Archive for December, 2012

December 30, 2012


In my last blog post, I mentioned pieces of music that never get used. I was curious to take a listen to those bits, so I booted up my master music library and revisited some old tunes. There were a lot of tracks that I loved hearing again, but I realized that I have come a long way since they were written.

Then I came across “Quartet” which I originally wrote for Rise Of Nations. After nearly 10 years, the details are fuzzy as to exactly why the track never appeared in the game. But the process I have always followed is to put together a “temp track” so that the producers, game designers, etc. can listen to it before going into full production. That means that Quartet, as you hear it here, was composed, performed, mixed and mastered by me on a digital audio workstation (DAW). Essentially, a DAW is a computer system that’s sole purpose is music creation.

To be honest, Quartet did have a small and rather obscure part in Rise Of Legends. Although it is never heard in the game, it appeared as a bonus track on the original soundtrack (OST) released by Nile Rodgers’ Sumthing Else Records. As we were putting together the project, Nile suggested that we include bonus tracks. I had nine first pass music tracks that I composed for the game before we shifted musical direction. So those pieces were added to the DVD.

The Rise Of Nations OST was the first game soundtrack to be released on DVD with both stereo and 5.1 surround mixes. But being the first of anything can be dangerous. It proved to be more of a test for other game soundtracks. When the first run of this soundtrack was sold-out, there were no reprints made. There are only a couple thousand in existence, making them very rare.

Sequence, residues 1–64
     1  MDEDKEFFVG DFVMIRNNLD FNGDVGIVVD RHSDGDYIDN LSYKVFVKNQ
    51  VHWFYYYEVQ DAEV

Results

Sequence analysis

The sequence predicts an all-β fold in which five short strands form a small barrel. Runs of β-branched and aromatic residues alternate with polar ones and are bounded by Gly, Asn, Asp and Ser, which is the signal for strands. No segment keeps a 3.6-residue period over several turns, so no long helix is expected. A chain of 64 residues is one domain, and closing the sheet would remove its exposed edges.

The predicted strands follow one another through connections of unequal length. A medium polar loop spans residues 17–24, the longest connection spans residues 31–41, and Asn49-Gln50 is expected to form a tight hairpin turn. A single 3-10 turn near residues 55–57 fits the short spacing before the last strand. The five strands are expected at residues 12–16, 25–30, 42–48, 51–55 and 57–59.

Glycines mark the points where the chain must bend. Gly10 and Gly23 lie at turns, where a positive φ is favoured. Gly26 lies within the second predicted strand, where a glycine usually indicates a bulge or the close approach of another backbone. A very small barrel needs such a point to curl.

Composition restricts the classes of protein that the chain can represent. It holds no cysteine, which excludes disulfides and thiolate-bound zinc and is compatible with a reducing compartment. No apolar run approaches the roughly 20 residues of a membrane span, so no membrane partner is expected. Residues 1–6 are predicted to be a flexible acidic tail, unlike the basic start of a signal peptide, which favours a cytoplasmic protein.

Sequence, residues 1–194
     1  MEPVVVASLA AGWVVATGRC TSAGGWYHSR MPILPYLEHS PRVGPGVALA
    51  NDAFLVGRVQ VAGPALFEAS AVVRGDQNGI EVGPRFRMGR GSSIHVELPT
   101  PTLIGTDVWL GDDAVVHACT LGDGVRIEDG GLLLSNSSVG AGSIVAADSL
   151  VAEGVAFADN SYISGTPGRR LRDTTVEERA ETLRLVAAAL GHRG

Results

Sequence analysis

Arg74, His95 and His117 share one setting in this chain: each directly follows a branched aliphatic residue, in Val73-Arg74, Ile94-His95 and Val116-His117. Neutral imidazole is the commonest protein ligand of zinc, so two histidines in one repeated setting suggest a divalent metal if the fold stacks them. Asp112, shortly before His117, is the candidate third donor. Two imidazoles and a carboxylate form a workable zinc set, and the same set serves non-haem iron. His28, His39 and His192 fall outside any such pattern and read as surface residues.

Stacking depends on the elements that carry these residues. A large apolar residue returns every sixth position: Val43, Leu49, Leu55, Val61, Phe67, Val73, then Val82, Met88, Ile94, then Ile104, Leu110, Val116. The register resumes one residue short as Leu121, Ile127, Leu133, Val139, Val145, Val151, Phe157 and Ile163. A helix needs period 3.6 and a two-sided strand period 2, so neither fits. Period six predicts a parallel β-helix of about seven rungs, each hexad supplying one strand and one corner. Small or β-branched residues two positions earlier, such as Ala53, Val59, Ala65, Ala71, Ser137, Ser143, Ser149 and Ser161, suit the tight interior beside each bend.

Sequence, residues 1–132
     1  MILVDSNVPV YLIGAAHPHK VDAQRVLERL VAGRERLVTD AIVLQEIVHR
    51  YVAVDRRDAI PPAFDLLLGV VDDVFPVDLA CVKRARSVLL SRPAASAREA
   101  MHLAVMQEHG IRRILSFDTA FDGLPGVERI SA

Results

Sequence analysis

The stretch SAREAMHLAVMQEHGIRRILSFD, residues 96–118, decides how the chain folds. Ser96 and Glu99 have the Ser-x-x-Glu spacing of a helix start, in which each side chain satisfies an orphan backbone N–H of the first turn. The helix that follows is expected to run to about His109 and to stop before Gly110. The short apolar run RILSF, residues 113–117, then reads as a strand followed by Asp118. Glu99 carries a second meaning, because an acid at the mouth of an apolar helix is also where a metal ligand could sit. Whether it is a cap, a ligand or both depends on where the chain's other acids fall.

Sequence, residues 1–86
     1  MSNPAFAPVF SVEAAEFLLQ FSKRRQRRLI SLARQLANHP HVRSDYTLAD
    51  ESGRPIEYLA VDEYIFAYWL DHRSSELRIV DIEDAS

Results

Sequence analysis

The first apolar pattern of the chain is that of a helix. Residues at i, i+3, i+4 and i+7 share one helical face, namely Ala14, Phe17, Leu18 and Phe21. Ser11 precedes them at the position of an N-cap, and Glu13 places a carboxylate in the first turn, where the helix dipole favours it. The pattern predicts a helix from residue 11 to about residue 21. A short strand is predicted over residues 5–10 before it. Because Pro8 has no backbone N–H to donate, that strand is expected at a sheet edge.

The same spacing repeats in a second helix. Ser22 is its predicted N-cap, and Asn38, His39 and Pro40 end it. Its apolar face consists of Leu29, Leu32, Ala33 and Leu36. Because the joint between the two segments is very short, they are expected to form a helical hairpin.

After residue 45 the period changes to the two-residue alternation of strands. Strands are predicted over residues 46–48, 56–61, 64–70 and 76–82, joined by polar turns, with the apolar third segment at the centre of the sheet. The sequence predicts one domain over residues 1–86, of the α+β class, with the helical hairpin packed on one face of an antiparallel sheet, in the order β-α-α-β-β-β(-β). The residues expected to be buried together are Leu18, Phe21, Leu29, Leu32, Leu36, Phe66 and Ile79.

So now that I’ve exposed one of my little bits that has been hidden away, I wonder if I can persuade other composers to contribute to the “Unused Symphony?”


December 28, 2012


One of my favorite lines from the classic holiday movie Miracle on 34th Street is: “Maybe he’s only a little bit crazy, like painters, or composers, or some of those men in Washington.” (Referring to an old man named Kris Kringle who professes to be Santa Claus.)

Although the film was released in 1947, the same sentiment toward composers pretty much holds true today. When I talk to total strangers and they ask what I do for a living, they inevitably have that bewildered look on their faces when I respond that I am a composer. Some have even said that they never thought about the fact that someone actually does that for a living.

I guess it might be because composers work alone, behind closed doors. We create something out of nothing. It’s not tangible. You can’t touch it. You can’t see it. You can only hear it. While most people respond to music, they don’t necessarily think about or care about where it came from. It only triggers some kind of emotion.

So what is it about being a composer that makes us be perceived as a little bit crazy? Maybe it’s the fact that we’ve spent our entire lives eating, drinking, sleeping music. We are entirely consumed with creating sounds that will be interpreted by an audience.